It may be appropriate to think that diamonds are a girl’s best friend and that their luster has no equal. Diamonds are both beautiful and rare gems, hence the myriads of metaphors centered around this king gem. But there is more to be said regarding the scarcity of diamonds. A new study shows that they are not so rare.
The paper that prompted this bold and outstanding affirmation came directly from the chemists at Johns Hopkins University. During a geological endeavor meant to shed some light on how these miniature marvels occur, the team of scientists have discovered that diamonds occur more frequently in nature.
Traditionally, a diamond is defined as being a metastable allotrope of carbon, meaning that the dimond is a variation of carbon that is able to spend extra time in other configurations, different from the system’s least energy. Under the glass, we can see that a diamond is formed from many atoms that are practically arranged in the shape of a cube. This formation is called the diamond lattice. As a material, diamond seems to be less stable than graphite.
Regarding the process of formation, it seems that natural diamonds are formed at very high temperatures and pressures. Usually they form beneath Earth’s mantle at a depth of roughly 190 kilometers.
Diamonds can be also be created synthetically using a process called HPHT or high pressure, high temperature. HPHT is a process widely used to manufacture synthetical diamonds because it is very effective and very cheap. Basically, the process implies using large steel presses, capable of generating a pressure of approximately 5GPa. The temperature needs to reach 1500 degrees Celsius before the process can begin.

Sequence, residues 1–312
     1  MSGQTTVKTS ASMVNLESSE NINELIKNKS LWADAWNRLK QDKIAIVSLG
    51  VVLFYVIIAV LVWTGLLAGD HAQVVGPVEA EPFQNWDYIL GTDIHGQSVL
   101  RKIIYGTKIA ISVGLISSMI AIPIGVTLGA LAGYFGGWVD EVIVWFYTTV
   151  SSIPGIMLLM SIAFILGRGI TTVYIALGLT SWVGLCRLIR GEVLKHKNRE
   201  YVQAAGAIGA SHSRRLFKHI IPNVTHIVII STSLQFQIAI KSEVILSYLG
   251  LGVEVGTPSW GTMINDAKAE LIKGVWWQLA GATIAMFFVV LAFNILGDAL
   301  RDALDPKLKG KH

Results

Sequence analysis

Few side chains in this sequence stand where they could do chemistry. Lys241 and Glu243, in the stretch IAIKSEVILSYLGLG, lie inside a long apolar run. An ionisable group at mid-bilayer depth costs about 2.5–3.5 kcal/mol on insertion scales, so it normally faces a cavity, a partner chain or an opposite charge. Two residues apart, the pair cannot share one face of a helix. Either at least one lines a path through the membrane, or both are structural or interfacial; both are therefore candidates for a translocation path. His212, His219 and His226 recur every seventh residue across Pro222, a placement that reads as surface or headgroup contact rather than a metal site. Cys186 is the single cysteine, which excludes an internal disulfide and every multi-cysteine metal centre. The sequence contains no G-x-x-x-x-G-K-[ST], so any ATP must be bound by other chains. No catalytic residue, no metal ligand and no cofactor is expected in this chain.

Among other methods used to create synthetical diamonds is the CVD method (chemical vapor deposition). The device creates a carbon plasma layer capable of capturing carbon atoms and then transform them into diamonds.
There are additional process that can trigger diamond creation. One of them is a process called redox reaction. Basically, this reaction occurs when fluids move due to the oxidation of methane or the reduction of CO2.
There is no longer an issue regarding the scarcity of diamonds. A new study reveals that diamonds can form from water. If the waters are highly acidic it can function as a catalyst and trigger the process of diamond formation.
Regarding the myth of diamond scarcity, it seem that there are a lot of theories out there pointing to Corporations keen on setting a high price for diamonds arguing that there are very rare.